Positive Initiatives and Successes: The apprentice boost scheme, which provides funding for employers, has been recognised as a positive and effective initiative. It has enabled companies to invest more time in training apprentices, leading to benefits for both employers and apprentices. Additionally, the apprenticeship scheme in collaboration with BCITO has been well-received, offering dedicated case officers who proactively support both employers and apprentices. Regional Training Gaps: Significant challenges exist in training apprentices in remote regions such as Westport and Blenheim. These areas face a shortage of apprentices, necessitating the recruitment of apprentices from other locations to fulfill workforce requirements. Need for Comprehensive and Practical Training: Stakeholders have expressed concerns about the current apprenticeship system being more of a tick-box exercise rather than providing comprehensive training. There is a demand for more extensive training programmes, particularly at higher levels like level 4. Additionally, stakeholders emphasise the need for training programmes that incorporate technological skills relevant to the construction industry. Dissatisfaction with the Apprenticeship System: Certain employers are dissatisfied with the current apprenticeship system, perceiving it as inadequate for providing relevant training. Differences in training outcomes have been observed between design and production apprenticeships, further contributing to dissatisfaction. Challenges in Attracting and Training a Diverse Workforce: Efforts to attract and train a diverse workforce need improvement. Stakeholders identify the importance of addressing cultural competency, climate change considerations, leadership training within businesses, legislative reform changes, and upskilling of experienced workers to achieve a more diverse and inclusive workforce. Practical and Targeted Solutions: There is a clear demand for practical and targeted training solutions that address specific industry gaps. Stakeholders emphasise the importance of developing these solutions in collaboration with the sector and ensuring they are easily implementable, particularly for small and medium-sized enterprises (SMEs). Role of Organisations and Support: Key organisations involved in the Reform of Vocational Education (RoVE) reforms have a vital role in developing and delivering training solutions. Private sector involvement and the adoption of best practice models are recognised as valuable contributions to addressing the training needs of the construction industry. Challenges and Support for Apprentices: The transition from a hardcopy monitoring system to an online electronic system has posed challenges for employers in tracking apprentices' progress. Some apprentices struggle with self-management, particularly in managing their time and assignments effectively. Additionally, apprentices with reading and writing difficulties, such as dyslexia, may require additional support and guidance to overcome these challenges. Work Ethic and Attitudes: A perceived difference in work ethic and loyalty between older generations and younger apprentices has been noted. Older generations are described as more willing to go the extra mile and meet deadlines, while younger apprentices tend to prioritise personal time and may lack the same level of loyalty towards their employers. Emphasis on Competency and Skill Proficiency: The current training system is criticised for placing greater emphasis on passing rather than ensuring overall competency. Stakeholders advocate for increased focus on skill proficiency and suggest expanding teaching and training programmes to cover specialised areas, such as coating, spraying, and wallpapering. Collaboration and Coordination: Improved collaboration and coordination between different organisations responsible for theoretical and practical assessments, such as NKBA and BCITO, are necessary to ensure a more cohesive and streamlined training experience. Similarly, collaboration and coordination between trades and builders from the beginning of a project are crucial to ensure correct construction practices and prevent failures. Recognition of Prior Learning: There is a significant need for better recognition and acknowledgment of prior learning for individuals entering the construction trade with relevant qualifications. This recognition would help utilise their existing knowledge and skills effectively. Licensing and Certification: The delivery of apprenticeship training programmes in the construction industry requires improvement, particularly in terms of licensing and certification for specific trades. Stakeholders emphasise the urgency of expediting the licensing process for tilers and waterproof installers to ensure the proper construction of wet areas. Knowledge Sharing and Best Practices: Knowledge sharing through webinars, videos, adherence to building codes, and dissemination of best practices are identified as effective measures to address industry gaps and prevent future failures.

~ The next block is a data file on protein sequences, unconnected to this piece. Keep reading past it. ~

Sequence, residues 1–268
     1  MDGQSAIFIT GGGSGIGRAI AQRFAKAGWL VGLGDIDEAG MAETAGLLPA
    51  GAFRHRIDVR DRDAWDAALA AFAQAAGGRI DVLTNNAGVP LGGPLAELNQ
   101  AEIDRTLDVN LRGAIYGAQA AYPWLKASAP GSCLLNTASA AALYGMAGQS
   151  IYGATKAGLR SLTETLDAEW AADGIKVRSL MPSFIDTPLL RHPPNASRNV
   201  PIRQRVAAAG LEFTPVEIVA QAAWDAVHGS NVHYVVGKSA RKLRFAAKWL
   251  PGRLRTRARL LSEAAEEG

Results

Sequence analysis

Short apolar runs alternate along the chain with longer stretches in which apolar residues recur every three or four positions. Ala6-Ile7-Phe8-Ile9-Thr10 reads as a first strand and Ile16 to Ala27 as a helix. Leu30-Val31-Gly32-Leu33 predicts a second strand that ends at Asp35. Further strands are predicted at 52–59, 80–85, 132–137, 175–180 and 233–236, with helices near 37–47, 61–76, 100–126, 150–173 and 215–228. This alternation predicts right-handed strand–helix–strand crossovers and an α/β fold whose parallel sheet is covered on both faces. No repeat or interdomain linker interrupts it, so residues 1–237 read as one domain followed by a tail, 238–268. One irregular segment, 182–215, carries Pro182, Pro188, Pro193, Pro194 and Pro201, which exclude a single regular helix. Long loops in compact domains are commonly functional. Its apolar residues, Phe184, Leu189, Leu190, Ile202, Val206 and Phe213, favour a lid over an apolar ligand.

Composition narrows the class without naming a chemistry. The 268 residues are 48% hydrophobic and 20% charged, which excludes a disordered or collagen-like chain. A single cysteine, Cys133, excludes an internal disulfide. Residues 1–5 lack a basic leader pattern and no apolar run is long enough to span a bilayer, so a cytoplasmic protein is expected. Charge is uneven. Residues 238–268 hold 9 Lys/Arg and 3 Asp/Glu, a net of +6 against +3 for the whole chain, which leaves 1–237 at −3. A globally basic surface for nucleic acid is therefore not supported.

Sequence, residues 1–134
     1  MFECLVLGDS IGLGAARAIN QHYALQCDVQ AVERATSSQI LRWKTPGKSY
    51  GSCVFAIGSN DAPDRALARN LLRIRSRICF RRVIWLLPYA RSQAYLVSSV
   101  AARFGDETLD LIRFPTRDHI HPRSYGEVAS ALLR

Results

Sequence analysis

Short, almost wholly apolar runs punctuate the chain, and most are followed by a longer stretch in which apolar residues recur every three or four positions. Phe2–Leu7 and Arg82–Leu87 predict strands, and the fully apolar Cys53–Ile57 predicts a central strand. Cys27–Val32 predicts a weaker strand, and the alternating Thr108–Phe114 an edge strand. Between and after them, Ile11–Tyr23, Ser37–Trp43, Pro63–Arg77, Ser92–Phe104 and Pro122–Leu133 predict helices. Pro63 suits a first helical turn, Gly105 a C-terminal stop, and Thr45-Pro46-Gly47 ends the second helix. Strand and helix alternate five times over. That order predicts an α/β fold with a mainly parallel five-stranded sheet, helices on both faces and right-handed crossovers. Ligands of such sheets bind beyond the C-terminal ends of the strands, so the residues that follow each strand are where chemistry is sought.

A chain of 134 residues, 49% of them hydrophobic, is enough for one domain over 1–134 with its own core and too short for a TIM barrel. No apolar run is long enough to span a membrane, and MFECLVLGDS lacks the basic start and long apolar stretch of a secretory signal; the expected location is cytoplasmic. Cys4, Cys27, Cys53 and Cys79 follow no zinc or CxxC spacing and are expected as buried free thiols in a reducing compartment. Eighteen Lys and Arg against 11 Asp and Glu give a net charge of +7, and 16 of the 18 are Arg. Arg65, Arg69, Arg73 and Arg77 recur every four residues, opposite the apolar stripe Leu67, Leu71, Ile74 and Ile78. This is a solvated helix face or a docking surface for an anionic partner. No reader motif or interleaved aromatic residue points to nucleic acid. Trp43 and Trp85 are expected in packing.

• Māori and Pacific peoples in education and the workforce